Myeloma survivors, their loved ones and clinicians trekked up the Alaska-Kenai Peninsula to raise money and funds for the disease, offering one nurse the inspiration she needed after more than a year of the COVID-19 pandemic.
As the COVID-19 pandemic continues to put added stress on health care workers across the nation, one New York City-based nurse practitioner reconnected with her passion for treating patients in an unlikely place: hiking in Alaska alongside myeloma survivors, their loved ones and other clinicians.
“(COVID-19) had hit New York City hard. We all got redeployed to the front lines, and I think it was a really hard spring 2020 — a lot of health care professionals retired shortly after that,” said Donna Catamero, associate director of myeloma translation research at Mount Sinai Health System, in an interview with CURE®. “I felt like I never got my mojo back. ... I really needed a jolt to get me inspired again.”
That “jolt” was found this past August when Catamero participated in the Moving Mountains for Multiple Myeloma program, a joint initiative between the Multiple Myeloma Research Foundation (MMRF) and CURE® to raise funds and awareness for myeloma. This year’s fundraising effort took a team of 12 individuals on a journey hiking through Alaska’s Kenai Peninsula. Previous treks included Kilimanjaro, Everest Base Camp (in Nepal), Machu Picchu, the Grand Canyon and Mount Fuji.
Catamero was joined by a dozen other people who also share the drive to improve outcomes for individuals with myeloma — including five patients currently living with myeloma — for the five-day trek that spanned 37 miles. She recently discussed the climb in an interview with CURE®.
How did you hear about the MMRF program, and what was your first reaction?
It was a few years ago. I worked with the MMRF on research studies. I run the clinical trials program in our network sites. We’re focusing on bringing novel therapies to underserved areas. ... They were having a trek in Machu Picchu. (I) and some of my colleagues were really excited about (it), so we joined in.
I did my first hike ... and I thought it was really inspiring to hike alongside patients and their caregivers.
And this next opportunity came ... to (hike) in Alaska, and I said, “I think (it) would be good for me to do (this) on my own.” It was such a great experience, even more so than Machu Picchu, because I really got to know the patients and their caregivers. And it really was inspiring. It gave me a little boost to rejuvenate my career, meaning it gave me more inspiration and the boost I needed post-COVID-19 slump.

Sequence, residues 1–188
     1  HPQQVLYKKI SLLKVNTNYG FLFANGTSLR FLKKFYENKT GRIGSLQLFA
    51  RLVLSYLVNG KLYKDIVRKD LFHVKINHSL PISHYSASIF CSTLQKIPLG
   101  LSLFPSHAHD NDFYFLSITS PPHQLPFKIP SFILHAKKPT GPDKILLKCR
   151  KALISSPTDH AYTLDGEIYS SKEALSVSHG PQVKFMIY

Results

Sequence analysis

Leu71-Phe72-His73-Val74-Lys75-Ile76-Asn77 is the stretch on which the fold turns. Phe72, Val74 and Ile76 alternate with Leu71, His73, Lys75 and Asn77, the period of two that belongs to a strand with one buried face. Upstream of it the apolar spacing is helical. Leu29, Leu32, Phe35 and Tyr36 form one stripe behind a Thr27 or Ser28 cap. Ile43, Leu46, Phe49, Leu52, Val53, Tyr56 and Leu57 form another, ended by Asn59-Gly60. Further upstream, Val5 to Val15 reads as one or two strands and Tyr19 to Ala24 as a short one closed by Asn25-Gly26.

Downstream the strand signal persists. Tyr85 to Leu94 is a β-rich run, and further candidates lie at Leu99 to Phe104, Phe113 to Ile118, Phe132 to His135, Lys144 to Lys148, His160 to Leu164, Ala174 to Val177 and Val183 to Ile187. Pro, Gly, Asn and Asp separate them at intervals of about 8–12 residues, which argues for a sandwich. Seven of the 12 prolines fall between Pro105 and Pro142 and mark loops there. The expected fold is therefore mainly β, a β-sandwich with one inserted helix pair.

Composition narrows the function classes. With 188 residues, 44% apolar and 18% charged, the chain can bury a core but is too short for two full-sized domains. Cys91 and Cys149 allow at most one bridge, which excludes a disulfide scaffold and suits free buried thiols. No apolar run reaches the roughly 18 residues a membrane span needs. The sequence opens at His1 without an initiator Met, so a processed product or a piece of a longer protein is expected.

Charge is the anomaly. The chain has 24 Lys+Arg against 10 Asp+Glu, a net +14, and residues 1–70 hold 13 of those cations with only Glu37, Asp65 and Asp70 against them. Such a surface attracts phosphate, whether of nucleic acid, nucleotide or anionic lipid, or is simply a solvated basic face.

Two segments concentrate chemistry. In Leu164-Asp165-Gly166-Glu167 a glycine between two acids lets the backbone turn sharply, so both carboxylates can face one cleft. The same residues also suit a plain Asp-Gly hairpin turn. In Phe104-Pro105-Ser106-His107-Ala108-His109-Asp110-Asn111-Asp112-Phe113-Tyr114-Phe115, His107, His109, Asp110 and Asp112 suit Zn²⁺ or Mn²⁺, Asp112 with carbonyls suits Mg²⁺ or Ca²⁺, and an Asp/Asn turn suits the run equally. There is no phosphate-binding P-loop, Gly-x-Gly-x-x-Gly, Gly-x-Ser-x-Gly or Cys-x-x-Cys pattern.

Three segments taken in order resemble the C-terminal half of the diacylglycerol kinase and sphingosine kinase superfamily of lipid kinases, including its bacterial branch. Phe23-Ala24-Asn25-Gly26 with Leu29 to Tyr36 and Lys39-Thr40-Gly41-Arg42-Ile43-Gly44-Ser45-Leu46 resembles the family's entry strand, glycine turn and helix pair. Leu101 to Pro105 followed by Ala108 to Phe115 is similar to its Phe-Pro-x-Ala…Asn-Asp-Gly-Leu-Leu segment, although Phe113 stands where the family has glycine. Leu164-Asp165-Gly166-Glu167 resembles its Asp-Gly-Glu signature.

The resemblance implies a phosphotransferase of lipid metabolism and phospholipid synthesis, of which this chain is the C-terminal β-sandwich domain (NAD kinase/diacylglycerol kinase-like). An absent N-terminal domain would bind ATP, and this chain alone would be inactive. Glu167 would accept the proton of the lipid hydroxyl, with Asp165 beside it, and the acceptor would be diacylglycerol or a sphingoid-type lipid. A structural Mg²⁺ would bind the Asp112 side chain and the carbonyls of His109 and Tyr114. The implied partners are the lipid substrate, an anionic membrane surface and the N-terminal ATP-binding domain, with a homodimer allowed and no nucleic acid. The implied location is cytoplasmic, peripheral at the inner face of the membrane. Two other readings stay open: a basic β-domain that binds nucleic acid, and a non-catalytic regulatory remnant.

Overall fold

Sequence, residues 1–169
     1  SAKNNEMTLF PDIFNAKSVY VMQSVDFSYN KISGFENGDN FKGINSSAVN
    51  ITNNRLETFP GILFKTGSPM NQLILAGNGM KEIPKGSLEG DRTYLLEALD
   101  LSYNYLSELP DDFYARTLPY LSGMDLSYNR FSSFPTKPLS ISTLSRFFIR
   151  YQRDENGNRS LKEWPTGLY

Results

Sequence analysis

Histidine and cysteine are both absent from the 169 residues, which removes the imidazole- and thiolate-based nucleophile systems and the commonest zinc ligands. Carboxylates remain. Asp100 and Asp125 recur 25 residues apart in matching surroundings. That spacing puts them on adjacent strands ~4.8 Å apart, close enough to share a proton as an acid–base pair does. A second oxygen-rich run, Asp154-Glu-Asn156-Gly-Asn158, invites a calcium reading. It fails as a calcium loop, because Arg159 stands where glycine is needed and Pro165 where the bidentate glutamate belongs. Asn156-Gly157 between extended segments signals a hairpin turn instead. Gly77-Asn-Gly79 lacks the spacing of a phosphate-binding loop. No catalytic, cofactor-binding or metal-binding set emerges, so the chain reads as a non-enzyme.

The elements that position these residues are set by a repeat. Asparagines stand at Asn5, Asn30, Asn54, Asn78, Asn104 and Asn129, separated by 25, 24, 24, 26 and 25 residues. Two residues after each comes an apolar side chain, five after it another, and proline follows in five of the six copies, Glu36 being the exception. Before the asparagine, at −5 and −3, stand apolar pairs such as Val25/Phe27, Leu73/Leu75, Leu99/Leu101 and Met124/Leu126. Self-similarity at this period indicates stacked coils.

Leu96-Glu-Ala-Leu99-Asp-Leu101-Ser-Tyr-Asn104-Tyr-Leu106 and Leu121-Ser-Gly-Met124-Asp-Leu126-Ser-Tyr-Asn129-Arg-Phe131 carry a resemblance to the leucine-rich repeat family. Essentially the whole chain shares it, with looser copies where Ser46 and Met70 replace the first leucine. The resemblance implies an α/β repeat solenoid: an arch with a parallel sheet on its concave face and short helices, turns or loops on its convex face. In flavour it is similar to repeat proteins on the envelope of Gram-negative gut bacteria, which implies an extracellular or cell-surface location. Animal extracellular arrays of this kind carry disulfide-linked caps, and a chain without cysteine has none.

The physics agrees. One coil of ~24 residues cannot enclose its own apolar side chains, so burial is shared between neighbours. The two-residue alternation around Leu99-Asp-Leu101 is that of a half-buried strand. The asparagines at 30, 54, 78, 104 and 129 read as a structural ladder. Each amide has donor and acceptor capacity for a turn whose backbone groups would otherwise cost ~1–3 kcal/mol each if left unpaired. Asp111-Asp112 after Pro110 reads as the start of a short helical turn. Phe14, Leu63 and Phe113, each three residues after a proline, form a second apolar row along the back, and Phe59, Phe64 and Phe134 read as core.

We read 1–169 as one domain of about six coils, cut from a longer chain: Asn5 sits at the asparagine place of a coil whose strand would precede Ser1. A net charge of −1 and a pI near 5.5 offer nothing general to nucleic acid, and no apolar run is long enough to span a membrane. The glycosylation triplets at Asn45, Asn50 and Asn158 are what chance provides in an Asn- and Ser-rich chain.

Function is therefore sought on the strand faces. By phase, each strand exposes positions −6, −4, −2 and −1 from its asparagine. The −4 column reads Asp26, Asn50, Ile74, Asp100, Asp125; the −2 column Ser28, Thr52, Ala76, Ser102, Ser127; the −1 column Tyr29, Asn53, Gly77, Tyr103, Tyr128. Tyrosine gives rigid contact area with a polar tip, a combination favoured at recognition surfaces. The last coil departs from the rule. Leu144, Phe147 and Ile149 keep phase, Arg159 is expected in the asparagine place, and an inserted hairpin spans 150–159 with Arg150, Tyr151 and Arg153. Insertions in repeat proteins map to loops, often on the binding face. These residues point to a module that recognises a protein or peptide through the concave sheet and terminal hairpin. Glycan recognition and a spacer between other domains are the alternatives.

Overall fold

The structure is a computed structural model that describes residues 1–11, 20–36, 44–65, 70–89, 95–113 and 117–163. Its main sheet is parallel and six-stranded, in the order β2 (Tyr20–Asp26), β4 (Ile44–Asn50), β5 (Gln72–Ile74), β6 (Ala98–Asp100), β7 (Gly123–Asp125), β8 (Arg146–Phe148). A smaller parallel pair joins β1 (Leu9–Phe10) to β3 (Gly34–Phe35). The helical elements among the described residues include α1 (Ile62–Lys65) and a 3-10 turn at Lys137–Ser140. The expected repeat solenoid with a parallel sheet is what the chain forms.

How did the fellow climbers — especially the myeloma survivors — encourage you throughout the climb?
I’m helping them, they’re helping me. And seeing what they go through on a day-to-day basis and seeing them being able to do these (difficult) climbs ... really was inspiring. It gave me a different perspective, and I was able to walk in their shoes because (at work), I go into an exam room, I talk to patients about their cancer, their treatments, their side effects, how to manage it, but (I) don’t see the day-to-day life of a patient. This gave me the opportunity to really experience everything outside of the clinic with them. So, you know, we laughed, we joked, we cried together. It was really inspiring.
What do you hope for these patients — and the myeloma field as a whole — in coming years?
I started (my career) in clinical research. When I started, the overall survival of a myeloma patient, regardless of their risk factors, was about three years. So patients did not do well. And this was in the mid-’90s. And now patients are living 10, 15, even 20 years out from their diagnosis. And, you know, this is all within my lifetime.
I still have a lot of life to live. So I hope that if we can’t see a cure, I feel like myeloma will be — and it is to some (extent) — a chronic disease that can be managed well while patients are maintaining a really good quality of life.
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